Monday, October 10, 2005

Pakistan Quake/Genetically Modified crop 'ruins fields for 15 years'

Bit of a two-fold entry today, as I’m covering two stories. I spent most of the weekend on the computer reading the stories of the Pakistan quake as the casualty and damage numbers and stories rolled in, and my heart went out to all the victims, so I wanted to at least mention it here, even if I am exclusively dedicated to U.S. Politics. Also, does this feel like the year nature struck back or what?

Frantic search as Pakistani quake toll tops 20,000

MUZAFFARABAD, Pakistan (Reuters) - Rescuers searched frantically for survivors of Pakistan's massive earthquake on Monday as the death toll climbed over 20,000 and officials said thousands more bodies could be in the rubble.

Looting broke out in the city of Muzaffarabad, almost totally destroyed by Saturday's 7.6 magnitude earthquake and desperately short of food, medicine and water.

"They've lost everything, they have no clothes, no food, nothing," said Asim Butt, a resident of the city of about 100,000. "People have started looting things from shops."

The U.S. military in neighboring Afghanistan said it was diverting eight helicopters being used in the war against Islamic militants to assist with emergency operations as offers of aid poured in from around the world.

Aid agencies said more than 120,000 people were in urgent need of shelter and up to four million could be left homeless.

Relief workers had yet to reach many remote villages, and officials said the number of dead was likely to climb far above the 19,400 already known to have died in Pakistan.

Officials in North West Frontier Province and Pakistani Kashmir say the final death toll could be close to 40,000.


Now, then. I also want to start covering more environmental stories as I try to focus on my own impact on the world around me, and this seems like an appropriate place to start. It seems that genetically modified crops, at least of rapeseed, do not seem to be the answer for fixing any sort of environmental problems. A recent study in the UK found that “GM crops contaminate the countryside for up to 15 years after they have been harvested”.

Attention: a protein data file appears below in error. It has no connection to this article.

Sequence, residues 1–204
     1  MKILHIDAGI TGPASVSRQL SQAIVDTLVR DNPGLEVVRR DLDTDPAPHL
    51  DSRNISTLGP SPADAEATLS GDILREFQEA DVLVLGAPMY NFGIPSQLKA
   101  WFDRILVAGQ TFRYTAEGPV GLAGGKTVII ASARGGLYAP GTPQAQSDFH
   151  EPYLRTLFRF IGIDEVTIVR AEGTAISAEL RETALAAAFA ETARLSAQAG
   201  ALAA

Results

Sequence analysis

Great Britain has already been skittish on the subject of GM crops, and this promises to at least somewhat derail the push to get the crops into the UK, a good thing, in my opinion. It’s not that I’m completely ethically opposed to the idea of GM crops; I certainly understand where the idea for such an entity comes from, and I’m sympathetic to the point of view, but there are so many good reasons to oppose them that I’m loathe to even consider the idea at this point. My rationale:Aside from the genes/cloning/anti-science/playing God arguments that get batted around, I think those are reason enough to at least delay the roll-out of such crops. It seems the UK is at least pursuing a responsible scientific approach to the subject; I just wish our own government would do the same.

Posted by crimnos @ 8:15 AM

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An interesting point makes reference to one of the main reasons advocates of GMOs put forward to support their arguments, namely that we don't have enough food to feed the world.

Consider a recent report out of the US that 45% of harvested food never reaches the dinner plates for which it was destined.

Perhaps, once we have eradicated the waste of food in the 'developed' world, we might be more justified in searching for a 'solution' to the inequities of food distribution.

With waist-lines and associated diseases in the 'developed' world increasingly dominating our greatest expenditure, health care, it may be time to address our issues around food before we try to help others with their issues around food.

We may not be in the best position to understand the issue clearly.

Posted by Blogger a voice in the wind @ 1:35 PM #
 
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